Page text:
The Bank of England should increase borrowing costs as early as next year to help restrain possible price pressures, says the Organisation for Economic Co-operation and Development.
The remarks follow
the BOE's decision last week to cut its growth and inflation projections. The bank also signaled
last week the U.K. may need record-low interest rates for a while longer as China is a drag for the global economy.
While consumer prices dipped 0.1 percent in September, inflation should gain momentum in 2016 and 2017 toward the BOE’s 2 percent target, the OECD said.
"Spare capacity is low and a
gradual normalization in interest rates, with the first hike in early
2016, would be prudent to contain excess demand pressures that now seem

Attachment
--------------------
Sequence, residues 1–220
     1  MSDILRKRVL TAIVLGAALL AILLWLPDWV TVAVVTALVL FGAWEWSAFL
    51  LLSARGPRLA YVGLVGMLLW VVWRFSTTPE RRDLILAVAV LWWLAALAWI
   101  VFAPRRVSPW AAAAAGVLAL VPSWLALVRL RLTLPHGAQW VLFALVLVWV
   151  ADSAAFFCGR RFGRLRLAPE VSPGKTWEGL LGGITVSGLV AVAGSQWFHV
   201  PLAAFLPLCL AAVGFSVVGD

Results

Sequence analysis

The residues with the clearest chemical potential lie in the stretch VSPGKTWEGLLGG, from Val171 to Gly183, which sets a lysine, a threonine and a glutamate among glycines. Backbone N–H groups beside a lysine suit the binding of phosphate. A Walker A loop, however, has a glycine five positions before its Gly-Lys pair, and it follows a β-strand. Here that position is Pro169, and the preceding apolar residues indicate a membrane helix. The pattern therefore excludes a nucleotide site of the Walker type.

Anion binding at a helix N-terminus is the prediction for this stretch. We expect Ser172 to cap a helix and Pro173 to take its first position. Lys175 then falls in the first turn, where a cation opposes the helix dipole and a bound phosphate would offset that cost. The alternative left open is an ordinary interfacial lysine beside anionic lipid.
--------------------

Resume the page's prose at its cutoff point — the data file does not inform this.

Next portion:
to be developing," the Paris-based thinktank said in a report on Monday.
An interest rates increase should inspire greater economic restructuring
thus supporting productivity, which would be further boosted by stronger infrastructure
investment, the body said.
The thinktank also issued a warning about the property market and the potential for a rise in consumer debt. Data last week signaled home values climbed an annual 10 percent in October, more than three times the pace of wage growth.
"House-price buoyancy could restrict access to the rental market, reducing labor mobility, and boost household indebtedness, creating financial stability risks," the OECD said.
Unemployment could be pressed higher by the government planned increase in the minimum wage next year.
“Past structural reforms have put the structural unemployment rate on a downward trend, although the recent decision to lift the minimum wage could work in the opposite direction,” it said.